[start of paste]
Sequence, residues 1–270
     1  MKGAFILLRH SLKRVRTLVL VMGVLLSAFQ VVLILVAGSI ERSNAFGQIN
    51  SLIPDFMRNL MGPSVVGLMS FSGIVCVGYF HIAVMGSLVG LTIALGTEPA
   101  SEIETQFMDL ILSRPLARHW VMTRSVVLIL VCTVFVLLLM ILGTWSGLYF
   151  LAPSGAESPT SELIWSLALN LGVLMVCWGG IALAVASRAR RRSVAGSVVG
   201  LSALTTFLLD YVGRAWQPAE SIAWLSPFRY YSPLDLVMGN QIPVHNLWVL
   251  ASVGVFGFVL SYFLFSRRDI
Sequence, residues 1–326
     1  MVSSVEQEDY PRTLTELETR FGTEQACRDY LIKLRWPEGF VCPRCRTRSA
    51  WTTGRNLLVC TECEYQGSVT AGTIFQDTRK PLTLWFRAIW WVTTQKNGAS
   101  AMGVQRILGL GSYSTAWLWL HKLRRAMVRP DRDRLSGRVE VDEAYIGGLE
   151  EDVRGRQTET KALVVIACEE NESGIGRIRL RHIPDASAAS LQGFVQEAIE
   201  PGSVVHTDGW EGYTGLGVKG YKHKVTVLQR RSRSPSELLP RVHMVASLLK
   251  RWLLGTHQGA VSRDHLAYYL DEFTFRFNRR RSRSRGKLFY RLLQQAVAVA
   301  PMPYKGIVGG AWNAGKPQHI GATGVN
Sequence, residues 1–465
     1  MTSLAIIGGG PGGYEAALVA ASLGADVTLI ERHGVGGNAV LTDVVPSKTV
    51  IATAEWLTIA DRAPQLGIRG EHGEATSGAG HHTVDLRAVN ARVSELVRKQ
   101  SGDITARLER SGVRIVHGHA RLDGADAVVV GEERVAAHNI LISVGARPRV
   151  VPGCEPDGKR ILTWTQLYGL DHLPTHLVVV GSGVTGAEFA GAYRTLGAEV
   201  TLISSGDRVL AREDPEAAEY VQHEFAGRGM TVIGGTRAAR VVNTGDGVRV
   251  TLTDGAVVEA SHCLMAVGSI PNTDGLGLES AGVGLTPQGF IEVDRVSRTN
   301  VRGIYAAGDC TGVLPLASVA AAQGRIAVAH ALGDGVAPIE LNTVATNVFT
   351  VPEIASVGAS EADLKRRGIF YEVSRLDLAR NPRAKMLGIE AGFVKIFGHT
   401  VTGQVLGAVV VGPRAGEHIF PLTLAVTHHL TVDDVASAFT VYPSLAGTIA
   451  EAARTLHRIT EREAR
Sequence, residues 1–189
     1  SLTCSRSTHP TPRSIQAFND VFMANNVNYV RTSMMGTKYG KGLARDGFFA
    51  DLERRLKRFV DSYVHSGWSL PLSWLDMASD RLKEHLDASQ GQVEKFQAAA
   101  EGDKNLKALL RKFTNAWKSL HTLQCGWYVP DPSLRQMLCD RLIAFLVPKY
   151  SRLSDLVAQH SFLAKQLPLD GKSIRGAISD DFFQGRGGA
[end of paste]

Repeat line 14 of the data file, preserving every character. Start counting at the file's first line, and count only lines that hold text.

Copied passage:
   251  RWLLGTHQGA VSRDHLAYYL DEFTFRFNRR RSRSRGKLFY RLLQQAVAVA